I decided to give it a go this year by joining McGill’s newest sorority, Alpha Phi, as a founding member. I was expecting a student organization that empowered women and lots of stereotypical sorority activities. But the movies were all wrong; being in a sorority is nothing about finding a way to go to parties or hazing (in fact, there are strict anti-hazing policies!)

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Conference? What’s that?

Conferences? What are those? I’m not referring to the conferences that are added to your VSB when you try to configure the best possible schedule at the start of the semester. I’m talking about CDE, or the annual Conference on Diversity in Engineering.

Every year, the Canadian Federation of Engineering Students (CFES) hosts several events. CDE provides invaluable knowledge on a multitude of issues, including indigenous perspectives in STEM, women engineers of colour, and rape culture. In fact, McGill hosted the 2016 CDE a year ago…

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Living with Roommates

Living with roommates is exciting, perhaps daunting, and very eye-opening. I never had a roommate when I lived in a first-year residence at McGill, so I wanted to give it a try my second year at university. Having listened to my peers throughout the year, I thought I knew enough about rooming with someone: dividing the chores, respecting each other’s space, all that jazz. I began to search for an apartment with the friends that I made in residence around March and finally found a suitable place that was within each of our budgets. However, there was so much more to learn about living with other people or in my case, three other people!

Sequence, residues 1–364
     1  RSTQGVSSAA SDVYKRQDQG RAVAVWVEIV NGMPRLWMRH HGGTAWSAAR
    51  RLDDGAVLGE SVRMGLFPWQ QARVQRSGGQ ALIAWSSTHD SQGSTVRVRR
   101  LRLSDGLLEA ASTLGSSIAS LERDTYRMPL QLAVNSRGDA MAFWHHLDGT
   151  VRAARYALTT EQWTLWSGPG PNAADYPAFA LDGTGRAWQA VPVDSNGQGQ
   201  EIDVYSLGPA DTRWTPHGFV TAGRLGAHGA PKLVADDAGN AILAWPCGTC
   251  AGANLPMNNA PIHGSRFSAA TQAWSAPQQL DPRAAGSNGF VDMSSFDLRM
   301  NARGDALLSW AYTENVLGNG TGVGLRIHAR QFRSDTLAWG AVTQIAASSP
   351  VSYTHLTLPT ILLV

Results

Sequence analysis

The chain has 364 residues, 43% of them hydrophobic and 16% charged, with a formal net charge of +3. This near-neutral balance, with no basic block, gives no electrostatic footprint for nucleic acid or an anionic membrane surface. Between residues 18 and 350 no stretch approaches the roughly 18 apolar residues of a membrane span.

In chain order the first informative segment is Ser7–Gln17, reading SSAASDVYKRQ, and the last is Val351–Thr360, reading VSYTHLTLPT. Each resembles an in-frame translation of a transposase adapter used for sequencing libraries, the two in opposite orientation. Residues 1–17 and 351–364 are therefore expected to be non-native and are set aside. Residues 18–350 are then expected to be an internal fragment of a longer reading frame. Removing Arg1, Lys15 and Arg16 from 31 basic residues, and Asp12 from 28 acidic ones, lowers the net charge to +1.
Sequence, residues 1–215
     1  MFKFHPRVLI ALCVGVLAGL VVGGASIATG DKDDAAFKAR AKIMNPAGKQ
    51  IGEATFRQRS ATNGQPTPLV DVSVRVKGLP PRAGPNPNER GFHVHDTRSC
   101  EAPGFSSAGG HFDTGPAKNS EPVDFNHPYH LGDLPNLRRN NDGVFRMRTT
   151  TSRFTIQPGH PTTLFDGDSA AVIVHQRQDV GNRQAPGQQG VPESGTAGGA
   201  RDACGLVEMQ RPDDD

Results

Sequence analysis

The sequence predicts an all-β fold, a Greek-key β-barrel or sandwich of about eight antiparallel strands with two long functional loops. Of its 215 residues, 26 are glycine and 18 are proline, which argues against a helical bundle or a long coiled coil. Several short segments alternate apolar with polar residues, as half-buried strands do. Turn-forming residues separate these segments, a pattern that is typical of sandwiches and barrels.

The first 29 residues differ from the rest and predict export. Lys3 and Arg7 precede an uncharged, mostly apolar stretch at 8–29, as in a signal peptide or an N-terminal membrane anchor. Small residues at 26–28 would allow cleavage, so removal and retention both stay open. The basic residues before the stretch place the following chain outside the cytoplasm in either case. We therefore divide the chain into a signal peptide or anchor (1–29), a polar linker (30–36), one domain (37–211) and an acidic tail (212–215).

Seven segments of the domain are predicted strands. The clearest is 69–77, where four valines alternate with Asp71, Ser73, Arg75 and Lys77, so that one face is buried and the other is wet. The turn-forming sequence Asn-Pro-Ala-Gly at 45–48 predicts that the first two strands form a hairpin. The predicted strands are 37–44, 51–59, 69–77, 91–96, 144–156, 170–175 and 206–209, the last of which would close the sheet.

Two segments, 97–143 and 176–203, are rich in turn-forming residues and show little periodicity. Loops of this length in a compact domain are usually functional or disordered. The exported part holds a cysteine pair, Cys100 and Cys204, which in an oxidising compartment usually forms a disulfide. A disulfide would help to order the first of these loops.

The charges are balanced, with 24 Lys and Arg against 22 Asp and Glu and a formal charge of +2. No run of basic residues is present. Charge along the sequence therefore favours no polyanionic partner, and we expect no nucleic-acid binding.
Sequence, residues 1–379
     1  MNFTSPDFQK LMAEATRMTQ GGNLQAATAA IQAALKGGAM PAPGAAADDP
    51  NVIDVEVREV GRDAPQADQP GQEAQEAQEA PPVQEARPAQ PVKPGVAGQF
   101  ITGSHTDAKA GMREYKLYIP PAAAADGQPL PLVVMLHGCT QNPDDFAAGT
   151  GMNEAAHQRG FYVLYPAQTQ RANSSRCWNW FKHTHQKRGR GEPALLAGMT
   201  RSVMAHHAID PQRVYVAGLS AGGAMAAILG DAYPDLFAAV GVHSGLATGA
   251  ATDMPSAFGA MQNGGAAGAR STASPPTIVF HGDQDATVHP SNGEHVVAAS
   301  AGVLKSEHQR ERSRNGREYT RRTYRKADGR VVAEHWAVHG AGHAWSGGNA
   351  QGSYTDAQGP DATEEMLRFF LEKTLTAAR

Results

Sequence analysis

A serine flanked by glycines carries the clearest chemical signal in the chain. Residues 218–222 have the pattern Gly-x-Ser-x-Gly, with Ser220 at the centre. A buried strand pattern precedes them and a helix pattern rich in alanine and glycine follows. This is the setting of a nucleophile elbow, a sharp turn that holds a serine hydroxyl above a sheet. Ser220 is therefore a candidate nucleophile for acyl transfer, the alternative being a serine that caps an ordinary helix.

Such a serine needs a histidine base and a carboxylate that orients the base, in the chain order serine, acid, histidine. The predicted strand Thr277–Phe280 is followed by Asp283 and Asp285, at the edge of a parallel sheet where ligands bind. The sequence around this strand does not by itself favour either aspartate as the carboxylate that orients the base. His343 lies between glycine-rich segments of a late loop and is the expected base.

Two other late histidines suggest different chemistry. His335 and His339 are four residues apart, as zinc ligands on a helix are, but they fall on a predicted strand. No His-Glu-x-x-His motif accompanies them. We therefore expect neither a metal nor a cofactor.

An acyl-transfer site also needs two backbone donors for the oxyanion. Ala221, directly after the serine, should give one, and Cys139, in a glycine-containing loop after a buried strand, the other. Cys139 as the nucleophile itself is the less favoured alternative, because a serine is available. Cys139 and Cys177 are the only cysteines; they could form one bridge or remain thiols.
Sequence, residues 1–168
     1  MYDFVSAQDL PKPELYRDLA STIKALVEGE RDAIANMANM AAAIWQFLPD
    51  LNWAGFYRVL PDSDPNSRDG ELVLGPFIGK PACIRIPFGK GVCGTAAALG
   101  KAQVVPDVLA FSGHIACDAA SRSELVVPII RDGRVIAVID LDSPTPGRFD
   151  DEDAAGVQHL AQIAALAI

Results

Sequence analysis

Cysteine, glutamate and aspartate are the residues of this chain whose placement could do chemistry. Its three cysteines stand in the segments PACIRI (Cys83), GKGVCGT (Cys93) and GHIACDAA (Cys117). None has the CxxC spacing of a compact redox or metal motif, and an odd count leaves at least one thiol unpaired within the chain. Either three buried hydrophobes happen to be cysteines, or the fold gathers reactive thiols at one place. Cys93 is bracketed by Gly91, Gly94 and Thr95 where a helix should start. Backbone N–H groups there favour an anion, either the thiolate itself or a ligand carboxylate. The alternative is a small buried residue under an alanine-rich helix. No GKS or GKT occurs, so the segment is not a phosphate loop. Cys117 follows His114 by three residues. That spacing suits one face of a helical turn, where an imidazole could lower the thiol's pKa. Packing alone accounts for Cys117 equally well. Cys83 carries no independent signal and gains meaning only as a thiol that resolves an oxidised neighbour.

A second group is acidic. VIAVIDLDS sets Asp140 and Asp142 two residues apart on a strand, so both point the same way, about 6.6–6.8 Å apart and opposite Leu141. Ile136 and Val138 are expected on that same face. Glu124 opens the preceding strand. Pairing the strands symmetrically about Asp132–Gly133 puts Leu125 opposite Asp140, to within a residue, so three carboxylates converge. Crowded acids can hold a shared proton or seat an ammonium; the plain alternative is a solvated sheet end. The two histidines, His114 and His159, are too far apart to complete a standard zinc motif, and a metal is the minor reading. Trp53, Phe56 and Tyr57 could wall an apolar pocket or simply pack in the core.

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Transferring Faculties… and Changing Your Life!

I always thought I knew what I wanted to study in university and what career path I wanted to follow after my studies. BSc in Neuroscience or BA/Sc in Cognitive Science, followed by med school and a promise of steady income for the next 50 years. I dedicated my time to researching the smallest details, even reclaiming my Québec residency to increase my chances of acceptance into medical school.

After one year at McGill, everything changed for me. I realized that I could not follow a curriculum filled with rote memorization and that I had a surprising knack for mathematics. For women in STEM, it’s not abnormal to receive little or no support from teachers and other members of authority when we show interest in maths and sciences.  (more…)

Involved, Not Involved, and “Too Involved”

The start of a new semester is always filled with excitement, nerves, add-drop season, and the dramatic shift from perpetual procrastination to keeping up with classes. For returning students, it’s an opportunity to see friends we haven’t connected with for a while. For new students, it’s the beginning of new friendships and connections at the university. For new and old alike, it’s a period of time where we join new clubs and organizations, both on-campus and within the Montréal community!

When I started my first year at McGill, I was hesitant to join student societies and other groups because hanging out with strangers was terrifying. I wanted to concentrate on my studies, meet people living in my residence, and save enough time to Netflix daily.  (more…)